Nu is a 57-year-old woman from Thailand. She lives with her husband and two sons in a refugee camp. Her sons go to school. She and her husband raise chickens and grow vegetables both for their own consumption and for sale. She has cataracts and her vision is blurry. She is often worried that she might slip and fall due to her poor vision, and she has to walk slowly and carefully. Sometimes, she will have a headache and a stiff neck. Since her vision has become blurry, she can no longer read, which she shared she especially likes to do to read the Bible or the lyrics for new hymns. Our medical partner, Burma Children Medical Fund, is requesting $1,500 to fund lens replacement surgery for Nu. On September 15th, doctors will perform a lens replacement, during which they will remove Nu's natural lenses and replace them with an intraocular lens implant in each eye. After recovery, she will be able to see clearly. Now, she needs help to fund this $1,500 procedure. “When I go to church, I feel sad because I cannot participate, like reading passages from the Bible," she shared.
Leang is a 76-year-old widow with one daughter, two sons, and six grandchildren. She lives with her daughter, who is a farmer. When she is not cooking or helping her daughter to care for the grandchildren, she enjoys listening to the monks chant on the radio. Five years ago, Leang developed a cataract in her left eye, causing her sensitivity to light and blurry vision. She has difficulty seeing things clearly, including colors and faces. She is also worried about falling when walking, so she is not able to go places on her own. When Leang learned about our medical partner, Children's Surgical Centre, she traveled for two hours seeking treatment. On April 21st, doctors will perform a small incision cataract surgery and an intraocular lens implant in her left eye. After recovery, she will be able to see clearly. Now, she needs help to fund this $253 procedure. Leang shared, "After surgery, I hope I can see better so I can take care of myself. I want to go to the pagoda by myself and visit with my neighbors without being afraid I will fall."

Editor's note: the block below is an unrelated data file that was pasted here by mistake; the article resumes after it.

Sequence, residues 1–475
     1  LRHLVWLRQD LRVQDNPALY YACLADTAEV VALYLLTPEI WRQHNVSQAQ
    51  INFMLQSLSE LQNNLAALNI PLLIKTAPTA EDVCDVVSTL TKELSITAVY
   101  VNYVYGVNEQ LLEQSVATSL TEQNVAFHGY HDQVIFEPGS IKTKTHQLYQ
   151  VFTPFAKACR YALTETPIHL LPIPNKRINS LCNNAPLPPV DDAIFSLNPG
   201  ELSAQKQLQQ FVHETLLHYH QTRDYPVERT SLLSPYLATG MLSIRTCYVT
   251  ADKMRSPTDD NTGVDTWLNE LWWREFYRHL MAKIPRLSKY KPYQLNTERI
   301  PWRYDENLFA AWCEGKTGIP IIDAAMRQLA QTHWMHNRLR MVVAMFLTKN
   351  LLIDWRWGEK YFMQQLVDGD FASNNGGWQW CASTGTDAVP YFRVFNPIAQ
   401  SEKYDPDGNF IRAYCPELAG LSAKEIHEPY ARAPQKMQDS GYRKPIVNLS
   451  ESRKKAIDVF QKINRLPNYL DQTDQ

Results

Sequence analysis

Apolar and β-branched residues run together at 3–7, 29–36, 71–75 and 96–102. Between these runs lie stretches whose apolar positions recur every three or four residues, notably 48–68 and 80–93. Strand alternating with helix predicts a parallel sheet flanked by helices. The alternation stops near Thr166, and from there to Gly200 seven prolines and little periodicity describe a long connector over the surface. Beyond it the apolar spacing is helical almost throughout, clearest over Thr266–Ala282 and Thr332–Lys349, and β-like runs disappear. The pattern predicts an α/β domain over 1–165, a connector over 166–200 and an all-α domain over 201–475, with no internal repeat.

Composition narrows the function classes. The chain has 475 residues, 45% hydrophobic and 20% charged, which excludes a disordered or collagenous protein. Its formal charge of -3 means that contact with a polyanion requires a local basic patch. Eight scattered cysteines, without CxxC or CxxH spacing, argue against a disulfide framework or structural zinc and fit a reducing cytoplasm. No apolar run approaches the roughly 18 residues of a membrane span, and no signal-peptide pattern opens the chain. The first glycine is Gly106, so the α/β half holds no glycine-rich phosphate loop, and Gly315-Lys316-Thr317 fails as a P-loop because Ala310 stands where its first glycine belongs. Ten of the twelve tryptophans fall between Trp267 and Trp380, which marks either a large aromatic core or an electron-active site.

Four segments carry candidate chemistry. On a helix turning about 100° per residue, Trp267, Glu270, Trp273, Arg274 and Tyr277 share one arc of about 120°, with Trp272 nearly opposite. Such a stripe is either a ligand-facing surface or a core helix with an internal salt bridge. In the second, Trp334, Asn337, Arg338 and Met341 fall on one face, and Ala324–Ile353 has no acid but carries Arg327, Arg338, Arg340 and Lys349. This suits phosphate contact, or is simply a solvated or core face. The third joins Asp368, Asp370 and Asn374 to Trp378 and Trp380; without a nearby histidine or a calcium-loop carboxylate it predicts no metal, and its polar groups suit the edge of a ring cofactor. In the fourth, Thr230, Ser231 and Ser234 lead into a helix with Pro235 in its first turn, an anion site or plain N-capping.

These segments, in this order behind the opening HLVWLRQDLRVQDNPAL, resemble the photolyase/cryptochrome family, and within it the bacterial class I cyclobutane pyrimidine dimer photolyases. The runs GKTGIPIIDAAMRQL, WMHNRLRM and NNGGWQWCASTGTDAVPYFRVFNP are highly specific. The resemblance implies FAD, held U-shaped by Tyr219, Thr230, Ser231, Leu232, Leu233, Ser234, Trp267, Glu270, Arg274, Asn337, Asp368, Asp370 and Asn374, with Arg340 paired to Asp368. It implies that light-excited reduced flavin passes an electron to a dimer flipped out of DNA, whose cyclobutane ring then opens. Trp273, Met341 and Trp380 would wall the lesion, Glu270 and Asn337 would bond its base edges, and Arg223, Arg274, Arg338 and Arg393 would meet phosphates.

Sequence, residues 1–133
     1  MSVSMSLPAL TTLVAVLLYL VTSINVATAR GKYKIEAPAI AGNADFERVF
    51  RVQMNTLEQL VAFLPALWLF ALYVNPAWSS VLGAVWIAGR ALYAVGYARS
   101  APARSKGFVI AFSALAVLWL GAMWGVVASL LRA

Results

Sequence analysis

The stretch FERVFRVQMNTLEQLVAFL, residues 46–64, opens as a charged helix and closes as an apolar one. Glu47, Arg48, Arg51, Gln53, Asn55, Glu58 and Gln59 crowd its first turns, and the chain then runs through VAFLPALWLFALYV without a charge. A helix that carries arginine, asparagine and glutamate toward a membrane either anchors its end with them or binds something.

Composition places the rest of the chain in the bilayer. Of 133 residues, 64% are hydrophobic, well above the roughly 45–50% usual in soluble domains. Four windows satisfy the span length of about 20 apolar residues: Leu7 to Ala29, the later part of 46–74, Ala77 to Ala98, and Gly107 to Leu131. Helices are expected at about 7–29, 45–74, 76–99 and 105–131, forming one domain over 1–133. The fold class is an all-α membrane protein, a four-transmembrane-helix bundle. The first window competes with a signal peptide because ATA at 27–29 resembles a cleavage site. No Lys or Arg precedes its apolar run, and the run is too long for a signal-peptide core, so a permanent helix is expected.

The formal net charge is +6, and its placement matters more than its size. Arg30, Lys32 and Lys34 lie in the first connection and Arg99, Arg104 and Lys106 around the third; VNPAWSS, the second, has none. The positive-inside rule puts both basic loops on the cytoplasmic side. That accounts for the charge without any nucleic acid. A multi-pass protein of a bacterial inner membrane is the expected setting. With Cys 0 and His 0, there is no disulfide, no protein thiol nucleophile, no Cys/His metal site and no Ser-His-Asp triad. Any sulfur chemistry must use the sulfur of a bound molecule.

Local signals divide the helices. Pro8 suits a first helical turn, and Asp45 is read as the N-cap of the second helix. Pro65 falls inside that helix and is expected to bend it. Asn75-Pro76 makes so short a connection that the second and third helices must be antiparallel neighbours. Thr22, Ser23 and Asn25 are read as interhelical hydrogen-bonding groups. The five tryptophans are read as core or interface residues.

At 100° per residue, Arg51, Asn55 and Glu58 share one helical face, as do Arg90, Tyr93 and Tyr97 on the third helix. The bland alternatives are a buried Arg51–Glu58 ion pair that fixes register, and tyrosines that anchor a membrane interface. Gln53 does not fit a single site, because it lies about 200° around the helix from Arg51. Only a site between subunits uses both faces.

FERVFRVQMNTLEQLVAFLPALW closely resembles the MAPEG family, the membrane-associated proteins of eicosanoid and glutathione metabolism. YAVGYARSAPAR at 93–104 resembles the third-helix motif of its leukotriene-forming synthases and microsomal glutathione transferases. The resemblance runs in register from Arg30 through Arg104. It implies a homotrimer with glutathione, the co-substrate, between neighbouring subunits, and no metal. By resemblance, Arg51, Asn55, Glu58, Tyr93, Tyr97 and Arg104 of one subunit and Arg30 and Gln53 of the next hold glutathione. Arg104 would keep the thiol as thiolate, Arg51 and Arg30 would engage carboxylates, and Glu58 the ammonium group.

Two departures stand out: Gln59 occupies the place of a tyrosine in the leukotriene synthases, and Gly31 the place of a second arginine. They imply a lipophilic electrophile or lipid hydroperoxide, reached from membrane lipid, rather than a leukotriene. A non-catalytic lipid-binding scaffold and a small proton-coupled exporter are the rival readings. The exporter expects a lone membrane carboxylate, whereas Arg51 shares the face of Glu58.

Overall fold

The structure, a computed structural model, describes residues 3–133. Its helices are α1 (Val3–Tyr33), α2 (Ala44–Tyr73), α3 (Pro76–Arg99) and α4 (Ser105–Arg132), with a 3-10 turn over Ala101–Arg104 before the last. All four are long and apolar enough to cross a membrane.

Lai is a 58-year-old motorcycle taxi driver. He has one son, one daughter, and two grandchildren. Lai lives alone in the city, and his children work as farmers. In his free time, he enjoys listening to the news on his phone. Two years ago, Lai developed a cataract in his left eye, causing him blurry vision and sensitivity to light. When Lai learned about our medical partner, Children's Surgical Centre (CSC), he traveled for two and a half hours seeking treatment. On April 5th, doctors will perform a small incision cataract surgery and an intraocular lens implant in his left eye. After recovery, he will be able to see clearly. Now, he needs help raising $229 to fund his procedure and care. Lai shared, "I hope after surgery my eye can see clearly so I can drive my motorcycle and earn money to support my living."
Bo is an eighth grader who lives in the school dormitory during the school year. During his free time, he likes to play the guitar, cook, and garden. He recently had his arm is amputated to help treat his bone cancer condition, so he is no longer able to play guitar anymore. His parents and his siblings live on the Thai-Burma border. His brother and his mother are day labourers while his father is retired. In May 2021, Bo began to experience pain in the top of his left forearm, close to his shoulder. In June 2021, the top of his left forearm began to swell until it spread towards his shoulder. The swelling grew very large, encompassing his left shoulder and upper forearm. Bo was in a lot of pain and could not use his left arm. Doctors diagnosed him with bone cancer and amputated his left arm to help stop his cancer from spreading further. He has also undergone chemo treatment after his amputation and now his doctor wants to do an MRI to assess his prognosis and plan for any further treatment that may be needed to protect his health. An MRI is an imaging procedure that uses magnetic fields and radio waves to produce images of bodily organs. This scan will hopefully help doctors diagnose his condition and formulate an appropriate treatment plan. Our medical partner, Burma Children Medical Fund, is requesting $814 to cover the cost of Bo's MRI and care, scheduled for March 11th. Bo said, "Since I finished my surgery and finished chemo injection, I am able to continue my studies without any pain. I hope that I will be able to continue my studies until I gradate from school."